California residents: Click here for Proposition 65 WARNING.

Pinhook

Hard Rye Guy Crop '21 (0.75l, 49%)
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Character Goatson

Pretty Fly for a Hard Rye Guy.

A sommelier, Master Taster, and his wife walk into a bar. Yup, all this started at the renowned Per Se restaurant in New York. Since the team of friends behind Pinhook made it there, their Rye can make it anywhere. There's the Castle & Key Distillery, where the master-blending happens somewhere on the crossroads of Kentucky horse racing heritage, winemaking, and Whiskey enthusiasm. The term 'pinhooking' refers to buying thoroughbred horses based on their pedigree and selling them when they mature. The unique and quite saturated story behind the said liqueur is inspiring, but more importantly, it delivers a magnificent taste.

The '21 Pinhook flagship Rye release is meticulously crafted and proofed over 2 years from the brand's 'proprietary' mash bill of 20% corn, 20% malted barley, and 60% rye by Sean Josephs - the founder of Pinhook. Each year they release a vintage Rye of the moment with a young thoroughbred on the label.

The 'Crop '21' is bursting with aromas of apricot, cinnamon, and eucalyptus notes. What follows is a rich palate of candy, caramel, and orange peels. One thing is for sure. This bottle comes for you with a noticeable amount of information, but the dram itself is simply delicious. It (only) took two years to develop this small-batch expression. Give it a try, and this way, you'll have a horse in the Kentucky Whiskey race too!

California residents: Click here for Proposition 65 WARNING.

Appearance / Color
Honey

Nose / Aroma / Smell
Orange blossom, eucalyptus

Flavor / Taste / Palate
Licorice, caramel, orange peel

Finish
Rich, smooth
 

Flavor Spiral TM
About the Flavor Spiral
What does Pinhook Hard Rye Guy Crop '21 taste like?

The Flavor Spiral™ shows the most common flavors that you'll taste in Pinhook Hard Rye Guy Crop '21 and gives you a chance to have a taste of it before actually tasting it.

We invented Flavor Spiral™ here at Flaviar to get all your senses involved in tasting drinks and, frankly, because we think that classic tasting notes are boring.

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Dog Dogson's Smartass corner
Character Dogson
Bourbon was declared "The Official Spirit of America" by an Act of Congress signed by President Lyndon Johnson in 1964.
At any given time, there are more barrels of Bourbon in Kentucky than there are people. The population of the Bluegrass State is about 4.4 million. Today there are more than 5 million barrels of Bourbon sitting in the rick-houses of that Old Kentucky Home. That’s nearly 300 bottles of Bourbon per person, or about 60 gallons each.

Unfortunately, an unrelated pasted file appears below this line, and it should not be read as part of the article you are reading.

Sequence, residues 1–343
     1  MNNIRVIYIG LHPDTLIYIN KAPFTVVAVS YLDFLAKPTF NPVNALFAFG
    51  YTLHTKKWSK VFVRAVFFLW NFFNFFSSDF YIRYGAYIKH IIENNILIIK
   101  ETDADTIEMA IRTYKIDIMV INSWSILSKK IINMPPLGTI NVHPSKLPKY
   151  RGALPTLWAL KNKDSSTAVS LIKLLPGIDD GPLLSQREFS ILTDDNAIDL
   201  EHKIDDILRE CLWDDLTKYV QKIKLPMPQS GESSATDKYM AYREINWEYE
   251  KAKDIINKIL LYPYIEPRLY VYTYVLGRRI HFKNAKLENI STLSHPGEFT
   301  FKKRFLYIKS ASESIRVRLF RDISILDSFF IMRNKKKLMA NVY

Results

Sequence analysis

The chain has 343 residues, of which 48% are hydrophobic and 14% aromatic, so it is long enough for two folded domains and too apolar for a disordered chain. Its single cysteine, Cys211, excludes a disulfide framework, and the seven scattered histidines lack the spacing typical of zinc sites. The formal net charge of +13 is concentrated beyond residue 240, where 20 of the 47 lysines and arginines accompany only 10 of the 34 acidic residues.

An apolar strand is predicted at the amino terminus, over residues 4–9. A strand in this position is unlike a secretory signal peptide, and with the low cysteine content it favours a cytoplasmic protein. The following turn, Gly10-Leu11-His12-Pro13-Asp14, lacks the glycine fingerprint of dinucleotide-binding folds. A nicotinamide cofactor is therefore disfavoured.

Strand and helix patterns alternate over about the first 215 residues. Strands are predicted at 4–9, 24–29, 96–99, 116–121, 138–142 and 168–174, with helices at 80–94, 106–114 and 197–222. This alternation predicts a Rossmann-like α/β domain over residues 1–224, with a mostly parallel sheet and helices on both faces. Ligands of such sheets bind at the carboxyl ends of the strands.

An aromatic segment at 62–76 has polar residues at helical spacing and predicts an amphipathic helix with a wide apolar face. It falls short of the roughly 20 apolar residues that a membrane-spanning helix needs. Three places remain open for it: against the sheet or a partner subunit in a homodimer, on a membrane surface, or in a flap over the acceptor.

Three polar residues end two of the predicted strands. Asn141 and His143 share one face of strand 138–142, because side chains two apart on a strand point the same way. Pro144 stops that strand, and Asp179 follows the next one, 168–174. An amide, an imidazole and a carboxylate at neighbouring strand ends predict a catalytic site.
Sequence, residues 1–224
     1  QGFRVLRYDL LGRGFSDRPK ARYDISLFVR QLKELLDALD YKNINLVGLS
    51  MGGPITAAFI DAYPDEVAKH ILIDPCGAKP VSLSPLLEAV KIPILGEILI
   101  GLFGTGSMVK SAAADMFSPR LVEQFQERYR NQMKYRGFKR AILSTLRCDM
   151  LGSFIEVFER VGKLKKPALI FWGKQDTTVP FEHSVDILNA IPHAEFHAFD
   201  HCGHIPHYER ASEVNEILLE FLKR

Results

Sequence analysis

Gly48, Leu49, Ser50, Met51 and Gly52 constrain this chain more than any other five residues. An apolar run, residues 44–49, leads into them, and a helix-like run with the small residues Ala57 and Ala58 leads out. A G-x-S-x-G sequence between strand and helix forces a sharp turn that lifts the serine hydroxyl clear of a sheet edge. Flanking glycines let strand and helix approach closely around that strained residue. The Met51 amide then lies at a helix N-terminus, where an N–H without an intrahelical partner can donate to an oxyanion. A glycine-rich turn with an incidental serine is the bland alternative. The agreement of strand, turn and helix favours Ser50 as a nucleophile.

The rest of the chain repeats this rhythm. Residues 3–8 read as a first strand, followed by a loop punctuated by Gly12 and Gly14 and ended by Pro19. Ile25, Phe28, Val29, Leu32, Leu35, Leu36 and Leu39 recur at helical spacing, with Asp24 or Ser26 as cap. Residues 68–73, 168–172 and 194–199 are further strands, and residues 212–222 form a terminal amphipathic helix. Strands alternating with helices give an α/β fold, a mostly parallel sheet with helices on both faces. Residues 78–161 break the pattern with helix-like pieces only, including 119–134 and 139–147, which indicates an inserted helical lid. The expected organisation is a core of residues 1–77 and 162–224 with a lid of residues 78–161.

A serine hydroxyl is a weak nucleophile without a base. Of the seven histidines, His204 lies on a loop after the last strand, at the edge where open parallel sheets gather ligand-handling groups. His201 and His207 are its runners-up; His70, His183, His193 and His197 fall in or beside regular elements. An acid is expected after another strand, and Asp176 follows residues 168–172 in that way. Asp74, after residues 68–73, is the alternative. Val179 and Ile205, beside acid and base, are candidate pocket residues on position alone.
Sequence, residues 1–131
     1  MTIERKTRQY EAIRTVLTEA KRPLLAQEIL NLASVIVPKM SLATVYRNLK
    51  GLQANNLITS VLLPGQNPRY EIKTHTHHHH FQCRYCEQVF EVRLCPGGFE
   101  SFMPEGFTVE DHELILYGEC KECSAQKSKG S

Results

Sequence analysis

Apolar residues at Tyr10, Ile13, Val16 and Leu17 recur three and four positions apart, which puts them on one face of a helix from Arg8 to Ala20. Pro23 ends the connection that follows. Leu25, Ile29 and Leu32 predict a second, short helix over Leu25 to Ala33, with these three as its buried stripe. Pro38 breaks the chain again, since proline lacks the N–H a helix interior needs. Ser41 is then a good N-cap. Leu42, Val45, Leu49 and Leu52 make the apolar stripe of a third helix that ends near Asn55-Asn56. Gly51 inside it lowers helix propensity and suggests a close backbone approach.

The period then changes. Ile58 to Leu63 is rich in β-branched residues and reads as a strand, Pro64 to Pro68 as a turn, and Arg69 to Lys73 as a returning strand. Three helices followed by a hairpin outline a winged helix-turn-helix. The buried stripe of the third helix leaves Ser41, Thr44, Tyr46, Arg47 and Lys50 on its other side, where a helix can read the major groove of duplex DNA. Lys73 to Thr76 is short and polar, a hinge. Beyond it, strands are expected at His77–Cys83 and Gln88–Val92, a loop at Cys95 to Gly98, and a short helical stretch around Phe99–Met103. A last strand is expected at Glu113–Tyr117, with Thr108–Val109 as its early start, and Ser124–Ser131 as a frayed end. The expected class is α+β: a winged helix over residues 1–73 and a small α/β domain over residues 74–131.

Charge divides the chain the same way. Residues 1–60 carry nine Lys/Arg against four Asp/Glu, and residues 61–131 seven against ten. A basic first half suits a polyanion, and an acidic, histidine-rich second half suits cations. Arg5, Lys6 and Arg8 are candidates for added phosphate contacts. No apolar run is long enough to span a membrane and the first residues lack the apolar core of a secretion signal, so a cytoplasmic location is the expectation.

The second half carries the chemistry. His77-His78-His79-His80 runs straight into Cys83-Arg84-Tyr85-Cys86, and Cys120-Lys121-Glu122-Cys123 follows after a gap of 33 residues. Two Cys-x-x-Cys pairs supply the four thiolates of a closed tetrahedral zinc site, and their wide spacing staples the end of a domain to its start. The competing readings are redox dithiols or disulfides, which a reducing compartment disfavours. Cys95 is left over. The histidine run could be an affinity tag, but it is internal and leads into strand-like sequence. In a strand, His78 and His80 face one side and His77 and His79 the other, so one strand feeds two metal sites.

Bourbons are very high in vanilla, as American White Oak is naturally high in vanillins.
Bourbons have very prominent notes of vanilla, as American White Oak is naturally high in vanillins.
"Remember that iconic poster from World War II showing Rosie the Riveter as a patriotic American woman doing her part for the war effort? Well, hundreds of businesses did their part too, and the Bourbon distillers stepped right up with ‘em.

Distilleries all over Kentucky and Tennessee were re-tooled to distill fuel alcohol and ferment penicillin cultures to treat wounded soldiers."
Sure, Kentucky gets all the press when it comes to Bourbon. And with good reason—nearly 95% of it is produced there. But Bourbon can be made anywhere as long as it's within the United States. Just ask states with budding distilleries like Illinois and New York.
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Dog Dogson's Smartass corner
Character Dogson
Bourbon was declared "The Official Spirit of America" by an Act of Congress signed by President Lyndon Johnson in 1964.
At any given time, there are more barrels of Bourbon in Kentucky than there are people. The population of the Bluegrass State is about 4.4 million. Today there are more than 5 million barrels of Bourbon sitting in the rick-houses of that Old Kentucky Home. That’s nearly 300 bottles of Bourbon per person, or about 60 gallons each.
Bourbons are very high in vanilla, as American White Oak is naturally high in vanillins.
Bourbons have very prominent notes of vanilla, as American White Oak is naturally high in vanillins.
"Remember that iconic poster from World War II showing Rosie the Riveter as a patriotic American woman doing her part for the war effort? Well, hundreds of businesses did their part too, and the Bourbon distillers stepped right up with ‘em.

Distilleries all over Kentucky and Tennessee were re-tooled to distill fuel alcohol and ferment penicillin cultures to treat wounded soldiers."
Sure, Kentucky gets all the press when it comes to Bourbon. And with good reason—nearly 95% of it is produced there. But Bourbon can be made anywhere as long as it's within the United States. Just ask states with budding distilleries like Illinois and New York.
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